From Chicken Soup for the Father & Son Soul


Call it a clan, call it a network, call it a tribe, call it a family. Whatever you call it, whoever you are, you need one.

Jane Howard

The last time I had seen Dad was at Aberdeen Proving Grounds in Maryland, when he came down from Washington to give me my first salute as a brand-new second lieutenant. Dad had gone from War Production Board to the Navy’s Military Government School. Why the Navy, when his four sons were in the Army in places such as North Africa and London? He was always competing with his brood, and this was his way of being “a little bit better.”

A lot of water had passed under the bridge in the year following that first salute. Dad shipped out to Okinawa as second-in-command of military government on that heavily fought-over island. I volunteered for the Bomb Disposal School and, sometime after that six-week course, flew to the Philippines to join the war. My older brother, Joe, went on to the Anzio Beachhead, Royal married a Red Cross worker, and my youngest brother, Bill, went with the OSS (Office of Strategic Services) to England. My wife, Julie, was pregnant with our second child, who, some twenty years later, would join the Army (like his dear old dad) during the Vietnam War.

So . . . no chance to catch up with any of my brothers, but what about the guy who gave me my first salute? He was a mere 800 to 1000 miles away from my post in Batanga, Luzon. Could I drop in on Dad and return the salute? I would try.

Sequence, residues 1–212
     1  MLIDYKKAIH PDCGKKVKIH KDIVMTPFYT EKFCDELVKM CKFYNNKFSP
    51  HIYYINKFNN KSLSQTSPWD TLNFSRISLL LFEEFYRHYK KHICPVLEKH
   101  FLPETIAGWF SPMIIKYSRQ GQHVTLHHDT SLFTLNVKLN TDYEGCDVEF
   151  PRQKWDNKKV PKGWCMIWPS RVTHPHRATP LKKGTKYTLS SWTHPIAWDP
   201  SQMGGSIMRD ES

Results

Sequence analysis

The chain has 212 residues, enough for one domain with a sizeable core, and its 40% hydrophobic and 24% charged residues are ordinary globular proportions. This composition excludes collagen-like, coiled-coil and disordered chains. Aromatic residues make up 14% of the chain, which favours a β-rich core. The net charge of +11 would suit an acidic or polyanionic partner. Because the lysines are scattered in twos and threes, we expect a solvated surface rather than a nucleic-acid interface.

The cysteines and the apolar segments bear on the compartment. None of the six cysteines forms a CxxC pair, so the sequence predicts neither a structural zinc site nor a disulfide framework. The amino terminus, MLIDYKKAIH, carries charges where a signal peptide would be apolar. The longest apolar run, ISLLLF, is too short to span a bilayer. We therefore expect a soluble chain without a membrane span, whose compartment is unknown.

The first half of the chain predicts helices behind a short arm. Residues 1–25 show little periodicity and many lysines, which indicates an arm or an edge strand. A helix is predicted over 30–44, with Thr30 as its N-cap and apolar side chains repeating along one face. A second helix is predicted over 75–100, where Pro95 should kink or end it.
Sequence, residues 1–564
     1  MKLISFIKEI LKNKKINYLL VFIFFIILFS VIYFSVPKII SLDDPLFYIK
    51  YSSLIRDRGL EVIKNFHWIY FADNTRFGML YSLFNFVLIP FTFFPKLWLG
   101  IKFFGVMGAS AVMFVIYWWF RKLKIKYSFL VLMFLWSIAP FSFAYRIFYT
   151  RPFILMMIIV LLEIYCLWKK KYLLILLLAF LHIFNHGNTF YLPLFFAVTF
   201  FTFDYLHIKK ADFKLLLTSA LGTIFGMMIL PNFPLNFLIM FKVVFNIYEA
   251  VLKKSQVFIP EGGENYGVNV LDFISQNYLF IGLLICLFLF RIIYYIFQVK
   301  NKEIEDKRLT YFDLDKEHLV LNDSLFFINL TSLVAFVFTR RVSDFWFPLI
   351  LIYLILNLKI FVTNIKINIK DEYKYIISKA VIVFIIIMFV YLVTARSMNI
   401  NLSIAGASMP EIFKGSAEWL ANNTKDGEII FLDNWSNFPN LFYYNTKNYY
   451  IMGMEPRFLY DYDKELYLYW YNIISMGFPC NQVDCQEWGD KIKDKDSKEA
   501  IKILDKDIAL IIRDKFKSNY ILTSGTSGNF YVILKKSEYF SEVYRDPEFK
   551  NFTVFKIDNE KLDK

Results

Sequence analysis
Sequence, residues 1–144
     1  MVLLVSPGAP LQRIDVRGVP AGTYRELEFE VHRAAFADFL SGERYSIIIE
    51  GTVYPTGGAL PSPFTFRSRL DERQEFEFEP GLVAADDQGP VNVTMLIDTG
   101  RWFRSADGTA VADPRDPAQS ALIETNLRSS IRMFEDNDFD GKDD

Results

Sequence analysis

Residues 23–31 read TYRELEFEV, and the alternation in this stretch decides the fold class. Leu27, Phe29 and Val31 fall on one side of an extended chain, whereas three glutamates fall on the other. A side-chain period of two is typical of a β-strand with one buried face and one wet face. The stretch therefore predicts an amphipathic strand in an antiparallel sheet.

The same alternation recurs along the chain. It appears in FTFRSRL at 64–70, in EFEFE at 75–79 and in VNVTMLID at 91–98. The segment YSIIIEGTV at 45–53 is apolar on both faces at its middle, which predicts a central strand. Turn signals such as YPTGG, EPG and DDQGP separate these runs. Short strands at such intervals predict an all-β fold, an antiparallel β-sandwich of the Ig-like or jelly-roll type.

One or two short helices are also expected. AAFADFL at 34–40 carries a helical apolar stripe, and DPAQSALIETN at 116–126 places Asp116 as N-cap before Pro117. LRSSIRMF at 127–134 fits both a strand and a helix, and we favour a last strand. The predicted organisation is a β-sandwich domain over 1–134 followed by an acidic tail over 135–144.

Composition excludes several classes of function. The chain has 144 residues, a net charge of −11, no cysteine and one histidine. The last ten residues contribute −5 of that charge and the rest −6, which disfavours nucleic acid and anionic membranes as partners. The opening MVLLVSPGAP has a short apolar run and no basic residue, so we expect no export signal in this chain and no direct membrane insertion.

A bomb disposal squad consisted of an officer and six noncommissioned officers, and was always attached to a larger unit for rations and quarters. I looked up the battalion commanding officer, a good guy, and persuaded him that all of the unexploded bombs and artillery shells found for us each day by G-2 would still be waiting to be defused or blown up on my return.

The colonel agreed to give me travel orders to legitimize my planned junket. The orders, handwritten on the back of an envelope, simply said, “It is o.k. for Lt. Firman to be absent from his post for a week beginning August 17.”

A member of my squad drove me to Manila where I found space on a troop carrier flying to Okinawa. Arriving there a few hours later, I worked my way via thumb to military headquarters, skirting the Japanese lines en route.

Headquarters: Quonset huts surrounded by trimmed lawns and beds of bright flowers, and officers dressed in neatly pressed Navy gray uniforms. And I? Wearing wrinkled suntans, combat boots, a beat-up cap, and packing a .45 pistol on my hip. In addition, I was yellow from Atabrine, a malaria suppressant, and I was sporting a large mustache.

I peeked in, and seeing Dad sitting there, I walked up to his desk and said, “Don’t get up; this is an informal visit.”

He looked up at this stranger, a mere lieutenant telling a full commander not to get up. His face got red and I almost saw smoke coming out of his ears as he looked for a shore patrolman to take this lunatic away.

But as he began to recognize my features, he said, “Is that you, Win?” Surprise, laughter, hugging, and we began a three-day mini-reunion with the war going on around us. My plan worked so well that the visit became the high point of the whole blinking war for me and my dad.

Win Firman

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